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Mini art on a world stage at Chicago’s Model Expo

Fletcher Clement, of Little Rock, Arkansas, crafted a surrealist miniature scene titled "Homage" for the 2017 World Model Expo.

Fletcher Clement, of Little Rock, Arkansas, crafted a surrealist miniature scene titled "Homage" for the 2017 World Model Expo. | Emily Moon/Sun-Times

Alexander the Great, Zelda Fitzgerald and a demonic monster walked into a hotel ballroom — for Chicago’s first World Model Expo.

More than 600 hobbyists from around the world showcased 1,500 miniature versions of famous figures at the triennial convention, which has been held abroad since 2005. Chicago modelers hosted the Expo for the first time in the event’s history, offering seminars, exhibits and awards during its four-day run at the Hilton Chicago.

“It’s a chance to showcase Chicago and the United States,” said Expo co-chair Dave Peschke of Spring Grove.

Peschke said modelers call this event “the Olympics” because in the miniature world, it’s a big deal.

In the exhibition room, monsters leer out from their plastic stands, while elaborate scenes unfold behind makeshift frames — the historic Battle of Issus, Chicago protests at the 1968 Democratic National Convention, and a meeting of 33 individuals from the modeling community that artist Fletcher Clement calls a “surrealistic hairball.”

Modelers can present historical, fantasy and ordinance pieces, meaning vehicles like tanks and ships. Some paint, some sculpt and some do both.

“It’s a piece of art,” said event organizer Mike Cobb. “It’s just little.”

Clement, a modeler from Little Rock, Arkansas, sculpted Zelda and F. Scott Fitzgerald because he “wanted to get them out of his head.” His pieces are made of plastic and putty — what Clement calls “flotsam and jetsam.”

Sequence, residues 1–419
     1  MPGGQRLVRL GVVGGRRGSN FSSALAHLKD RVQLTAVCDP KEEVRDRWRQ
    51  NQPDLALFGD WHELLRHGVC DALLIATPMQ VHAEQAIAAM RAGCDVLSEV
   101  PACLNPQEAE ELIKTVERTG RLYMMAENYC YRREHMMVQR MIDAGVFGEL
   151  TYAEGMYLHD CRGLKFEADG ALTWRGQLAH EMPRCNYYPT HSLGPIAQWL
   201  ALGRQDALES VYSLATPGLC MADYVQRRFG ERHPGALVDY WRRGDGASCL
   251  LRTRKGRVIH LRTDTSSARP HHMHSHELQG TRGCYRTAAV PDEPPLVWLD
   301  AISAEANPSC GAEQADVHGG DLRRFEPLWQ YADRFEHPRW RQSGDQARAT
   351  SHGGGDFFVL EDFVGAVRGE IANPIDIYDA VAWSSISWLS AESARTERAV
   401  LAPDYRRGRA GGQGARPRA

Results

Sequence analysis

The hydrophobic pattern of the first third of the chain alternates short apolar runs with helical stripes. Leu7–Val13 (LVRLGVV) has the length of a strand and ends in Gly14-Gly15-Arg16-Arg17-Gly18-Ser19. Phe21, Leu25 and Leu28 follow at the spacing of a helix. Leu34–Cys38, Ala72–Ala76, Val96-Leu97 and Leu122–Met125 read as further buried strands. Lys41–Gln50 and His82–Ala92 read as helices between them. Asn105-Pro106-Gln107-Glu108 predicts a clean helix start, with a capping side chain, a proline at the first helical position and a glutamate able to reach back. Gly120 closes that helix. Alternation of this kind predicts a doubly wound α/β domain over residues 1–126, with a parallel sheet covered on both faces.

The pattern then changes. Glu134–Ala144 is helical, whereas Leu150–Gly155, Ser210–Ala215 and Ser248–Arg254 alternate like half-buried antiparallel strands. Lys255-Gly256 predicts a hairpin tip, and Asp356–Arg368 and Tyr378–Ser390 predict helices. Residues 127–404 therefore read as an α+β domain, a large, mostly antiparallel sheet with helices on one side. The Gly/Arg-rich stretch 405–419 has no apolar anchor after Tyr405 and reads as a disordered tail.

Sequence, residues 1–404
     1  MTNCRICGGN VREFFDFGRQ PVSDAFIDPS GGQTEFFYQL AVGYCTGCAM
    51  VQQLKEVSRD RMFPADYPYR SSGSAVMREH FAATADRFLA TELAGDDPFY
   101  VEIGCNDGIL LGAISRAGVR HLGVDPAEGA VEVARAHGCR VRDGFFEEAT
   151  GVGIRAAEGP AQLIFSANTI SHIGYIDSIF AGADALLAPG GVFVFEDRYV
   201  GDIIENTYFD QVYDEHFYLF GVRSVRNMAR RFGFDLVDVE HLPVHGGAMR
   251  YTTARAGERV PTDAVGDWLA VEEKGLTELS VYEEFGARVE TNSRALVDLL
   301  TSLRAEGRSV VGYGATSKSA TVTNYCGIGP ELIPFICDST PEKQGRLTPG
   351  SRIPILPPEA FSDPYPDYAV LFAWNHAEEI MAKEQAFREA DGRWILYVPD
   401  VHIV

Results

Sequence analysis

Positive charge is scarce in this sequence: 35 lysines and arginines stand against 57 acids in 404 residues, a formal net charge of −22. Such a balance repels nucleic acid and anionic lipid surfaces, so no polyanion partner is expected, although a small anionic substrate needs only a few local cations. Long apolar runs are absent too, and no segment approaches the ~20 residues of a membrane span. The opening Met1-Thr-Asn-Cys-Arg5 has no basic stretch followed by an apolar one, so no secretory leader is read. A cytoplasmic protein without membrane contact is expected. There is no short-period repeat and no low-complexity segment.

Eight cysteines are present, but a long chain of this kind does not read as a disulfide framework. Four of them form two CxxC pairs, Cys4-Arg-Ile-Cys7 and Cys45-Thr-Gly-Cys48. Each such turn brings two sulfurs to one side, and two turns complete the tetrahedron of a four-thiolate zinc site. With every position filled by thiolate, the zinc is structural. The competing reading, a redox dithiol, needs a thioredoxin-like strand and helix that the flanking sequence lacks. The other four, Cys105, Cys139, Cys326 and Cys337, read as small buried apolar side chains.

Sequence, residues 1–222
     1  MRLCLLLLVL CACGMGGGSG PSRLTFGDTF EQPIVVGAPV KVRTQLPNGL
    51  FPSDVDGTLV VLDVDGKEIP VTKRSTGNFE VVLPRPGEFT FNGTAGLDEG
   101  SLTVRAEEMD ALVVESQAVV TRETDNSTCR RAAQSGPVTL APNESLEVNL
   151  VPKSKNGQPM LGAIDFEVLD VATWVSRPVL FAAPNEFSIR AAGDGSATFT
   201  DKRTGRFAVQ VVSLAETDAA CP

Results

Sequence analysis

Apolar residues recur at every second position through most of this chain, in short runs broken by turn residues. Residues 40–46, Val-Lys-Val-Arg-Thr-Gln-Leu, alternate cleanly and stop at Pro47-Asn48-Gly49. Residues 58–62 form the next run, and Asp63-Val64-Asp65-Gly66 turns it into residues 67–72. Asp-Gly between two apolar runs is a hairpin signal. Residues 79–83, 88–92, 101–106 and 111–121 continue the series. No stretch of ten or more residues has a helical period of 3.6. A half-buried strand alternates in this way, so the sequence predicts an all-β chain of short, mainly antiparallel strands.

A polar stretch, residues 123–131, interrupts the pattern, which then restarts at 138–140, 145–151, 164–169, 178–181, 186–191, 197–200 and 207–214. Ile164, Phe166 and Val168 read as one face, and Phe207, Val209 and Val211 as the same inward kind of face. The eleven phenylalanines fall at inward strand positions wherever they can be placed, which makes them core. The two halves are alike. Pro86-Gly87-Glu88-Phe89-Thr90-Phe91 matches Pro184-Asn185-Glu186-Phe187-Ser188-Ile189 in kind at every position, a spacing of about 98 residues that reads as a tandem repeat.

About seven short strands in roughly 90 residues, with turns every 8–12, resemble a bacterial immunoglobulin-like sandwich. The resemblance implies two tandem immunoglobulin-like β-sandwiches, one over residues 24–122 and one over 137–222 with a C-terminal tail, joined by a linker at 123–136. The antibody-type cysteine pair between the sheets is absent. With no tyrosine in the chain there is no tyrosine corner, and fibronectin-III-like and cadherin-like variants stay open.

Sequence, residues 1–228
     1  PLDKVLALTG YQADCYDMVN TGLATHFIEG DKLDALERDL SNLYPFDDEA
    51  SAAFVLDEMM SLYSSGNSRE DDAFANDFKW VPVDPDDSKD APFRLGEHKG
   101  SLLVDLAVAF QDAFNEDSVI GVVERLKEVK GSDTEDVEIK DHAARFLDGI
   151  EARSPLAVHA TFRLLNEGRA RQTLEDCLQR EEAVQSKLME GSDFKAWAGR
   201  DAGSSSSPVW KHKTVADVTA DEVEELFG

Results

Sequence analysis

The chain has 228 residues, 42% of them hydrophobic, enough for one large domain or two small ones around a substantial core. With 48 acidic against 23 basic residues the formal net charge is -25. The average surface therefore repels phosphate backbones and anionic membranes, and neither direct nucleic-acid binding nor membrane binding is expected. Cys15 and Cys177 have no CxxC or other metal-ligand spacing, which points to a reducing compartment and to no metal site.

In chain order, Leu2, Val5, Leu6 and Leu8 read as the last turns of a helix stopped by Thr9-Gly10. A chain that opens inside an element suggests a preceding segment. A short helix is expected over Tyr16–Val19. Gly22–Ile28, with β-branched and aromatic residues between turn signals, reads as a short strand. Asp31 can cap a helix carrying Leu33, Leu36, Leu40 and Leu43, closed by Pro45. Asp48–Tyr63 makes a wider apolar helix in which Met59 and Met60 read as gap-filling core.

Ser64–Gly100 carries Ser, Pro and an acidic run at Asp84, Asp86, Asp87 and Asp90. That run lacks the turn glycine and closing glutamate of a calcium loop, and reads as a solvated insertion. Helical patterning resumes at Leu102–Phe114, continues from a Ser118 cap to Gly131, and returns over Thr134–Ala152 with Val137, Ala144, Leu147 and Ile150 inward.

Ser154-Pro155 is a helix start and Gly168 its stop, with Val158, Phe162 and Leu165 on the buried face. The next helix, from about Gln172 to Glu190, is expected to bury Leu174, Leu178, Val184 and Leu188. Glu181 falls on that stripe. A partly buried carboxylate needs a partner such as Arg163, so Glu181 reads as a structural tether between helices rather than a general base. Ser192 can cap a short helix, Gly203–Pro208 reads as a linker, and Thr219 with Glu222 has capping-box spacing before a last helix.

“It’s really creative,” he said. “Anything you can conjure up in your brain.”

Zelda and F. Scott Fitzgerald come to life in a miniature by Fletcher Clement at the World Model Expo. | Emily Moon/Sun-Times

Other modelers, like Jose Martinez of Vernon Hills, prefer researching and recreating historical scenes. Packing up a bust of Gen. George Patton, the 68-year-old Martinez remembers emigrating from Mexico 30 years ago and brushing up on the craft. “It’s an incentive to learn history,” he said.

His wife, Cristina, was also drawn into the hobby. “I feed him and I critique,” she said of her role at the convention. “I have to tell him to redo things sometimes.”

A piece can take anywhere from two hours to two years, modelers said. While some turn to history for reference, San Francisco native David Diamondstone, 34, favors “Lord of the Rings” and “Game of Thrones.” A fantasy fan, Diamondstone uses kits to paint these monsters in miniature.

Modelers display work year-round at regional shows, biding their time until the triennial international convention. The event draws many from Europe, where organizers say the hobby is more popular.

Fantasy modeler Patric Sand came to the Expo from Sweden — his first trip to the U.S. The 24-year-old said he enjoys the camaraderie at the convention, but nothing beats the craft itself. “It is like my meditation,” he said.

Greg DiFranco, 61, from New York City, has been modeling for 50 years. He said modelers can make lasting connections at the Expo, either to sell art or trade tips.

“From one little model soldier when I was a kid, I’ve known thousands of people all over the world,” he said.

DiFranco returns this week to his New York City home and his “full-time business job,” but he will get up early to work on his models for an hour, as he does every day. “It enriches your life,” he said.

Jose Martinez packs up his historical figures on the final day of the World Model Expo in Chicago. | Emily Moon/Sun-Times

David Diamondstone showcased fantasy figures at the Expo / Provided photo